Joubert syndrome (JS) is an autosomal recessive neurological disorder named after Marie Joubert in 1969 [1]. It presents with abnormal oculomotor findings, hypotonia, ataxia, respiratory dysregulation, and developmental retardation owing to abnormalities of the cerebellum and brainstem [2-4]. Classic JS is characterized by the triad of hypotonia, developmental delays, and pathognomic brainstem and cerebellar malformation called the molar tooth sign (MTS) [1, 5]. This clinical entity is underreported with a prevalence of less than 1 in 100,000. Only few hundred cases have been reported worldwide [6]. It is a syndrome with a variable phenotype making it difficult to establish the exact clinical diagnostic boundaries of the syndrome. Even though the clinical features of the disorder are present in the newborn period, the correct diagnosis is often not made for several months or years after birth [7]. The average age at diagnosis is 33 months [8]. The importance of early detection of the syndrome is stressed so that suitable measures can be started as early as possible. Our case is unique because child presented with hypertonia and developmental retardation without any abnormal ocular movements or respiratory dysregulation.

2. Case Presentation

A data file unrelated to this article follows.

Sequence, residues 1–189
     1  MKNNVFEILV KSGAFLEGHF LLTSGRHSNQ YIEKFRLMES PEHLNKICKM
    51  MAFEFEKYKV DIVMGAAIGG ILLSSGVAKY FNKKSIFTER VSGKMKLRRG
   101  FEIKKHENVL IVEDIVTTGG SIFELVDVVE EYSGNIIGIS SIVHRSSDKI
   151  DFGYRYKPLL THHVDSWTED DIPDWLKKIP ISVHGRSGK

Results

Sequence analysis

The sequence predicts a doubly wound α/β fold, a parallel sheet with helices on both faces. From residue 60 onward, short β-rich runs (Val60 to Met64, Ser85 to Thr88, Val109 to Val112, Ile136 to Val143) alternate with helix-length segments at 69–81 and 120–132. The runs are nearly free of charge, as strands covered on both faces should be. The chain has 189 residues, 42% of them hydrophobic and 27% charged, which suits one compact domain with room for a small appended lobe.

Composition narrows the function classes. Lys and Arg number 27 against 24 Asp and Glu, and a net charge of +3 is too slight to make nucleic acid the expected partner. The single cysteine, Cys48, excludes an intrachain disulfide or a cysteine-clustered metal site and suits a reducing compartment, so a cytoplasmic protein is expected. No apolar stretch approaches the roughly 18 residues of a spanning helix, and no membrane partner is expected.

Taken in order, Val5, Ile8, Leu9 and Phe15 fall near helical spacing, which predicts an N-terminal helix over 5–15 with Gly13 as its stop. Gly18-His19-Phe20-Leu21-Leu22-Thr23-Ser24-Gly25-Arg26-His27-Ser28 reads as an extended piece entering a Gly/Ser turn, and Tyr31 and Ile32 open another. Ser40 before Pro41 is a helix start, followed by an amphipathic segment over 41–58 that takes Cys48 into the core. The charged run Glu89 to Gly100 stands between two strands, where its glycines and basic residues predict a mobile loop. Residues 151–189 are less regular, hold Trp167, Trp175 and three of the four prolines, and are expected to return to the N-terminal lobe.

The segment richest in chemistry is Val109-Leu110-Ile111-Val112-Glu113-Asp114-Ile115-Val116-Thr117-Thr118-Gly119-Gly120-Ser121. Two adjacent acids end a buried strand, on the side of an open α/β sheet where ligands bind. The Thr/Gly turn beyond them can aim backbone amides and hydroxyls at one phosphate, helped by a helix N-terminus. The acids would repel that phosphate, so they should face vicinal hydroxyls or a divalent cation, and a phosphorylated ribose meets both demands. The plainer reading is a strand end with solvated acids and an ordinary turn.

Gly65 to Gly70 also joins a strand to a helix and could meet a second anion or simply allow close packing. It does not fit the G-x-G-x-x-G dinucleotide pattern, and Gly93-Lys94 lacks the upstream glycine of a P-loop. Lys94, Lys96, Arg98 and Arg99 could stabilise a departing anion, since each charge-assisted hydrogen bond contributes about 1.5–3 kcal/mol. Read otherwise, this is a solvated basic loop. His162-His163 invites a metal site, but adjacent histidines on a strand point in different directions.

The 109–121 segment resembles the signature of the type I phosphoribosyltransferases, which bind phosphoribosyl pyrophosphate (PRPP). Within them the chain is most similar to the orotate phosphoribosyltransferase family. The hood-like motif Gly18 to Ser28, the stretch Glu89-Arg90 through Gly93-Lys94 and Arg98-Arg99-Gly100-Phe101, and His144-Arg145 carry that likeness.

A 5-month-old boy presented to the pediatric outpatient clinic with developmental delay, difficulty in feeding and abnormal head size. He was born at term by normal vaginal delivery with birth weight of 3.5 kg. Perinatal period was uneventful but after that he had difficulty in taking breast milk. Parents also noticed that the child was not able to keep up with developmental milestones. He did not have social smile at 3 months and head control at 5 months of age and was unable to recognize mother. Since last 1 month parents also noticed increase in head size and flexed posture of the child. There was no history of significant trauma, seizure, abnormal breathing pattern or hypotonia. He was born to non-consanguineous parents and suffered no significant perinatal asphyxia. He was the only child of his parents. On examination; he appeared drowsy, intermittent irritable, continuously maintaining flexed posture. He did not interact with mother and don’t had social smile. He had no neurocutaneous markers. Ocular examination was normal except grade 1 ptosis. He showed mild facial dysmorphism in the form of forehead prominence, deep-set eyes, bilateral epicanthic folds. There was no organomegaly. Heart and lungs were normal on auscultation. Motor examination revealed generalized hypertonia with exaggerated tendon reflexes. Head circumference was normal for age. His admission weight was 3.5 kg as he had failure to thrive. He also had supraumbilical hernia. 2D ECHO was done which show left ventricular hypertrophy. The axial T1-weighted and T2-weighted Magnetic resonance (MR) images showed abnormally oriented and thickened superior cerebellar peduncles that resulted in a molar tooth configuration (Figure 1). The more caudal T2- and T1-weighted axial MR images showed the fourth ventricle shaped like a bat wing (Figure 2). Furthermore, T2-weighted axial MR images showed hypoplasia of the vermis which resulted in median approach of the two cerebellar hemispheres but without evidence of a posterior fossa cyst. Based on clinical and magnetic resonance imaging (MRI) findings, diagnosis of Joubert syndrome was made and Parents were counseled.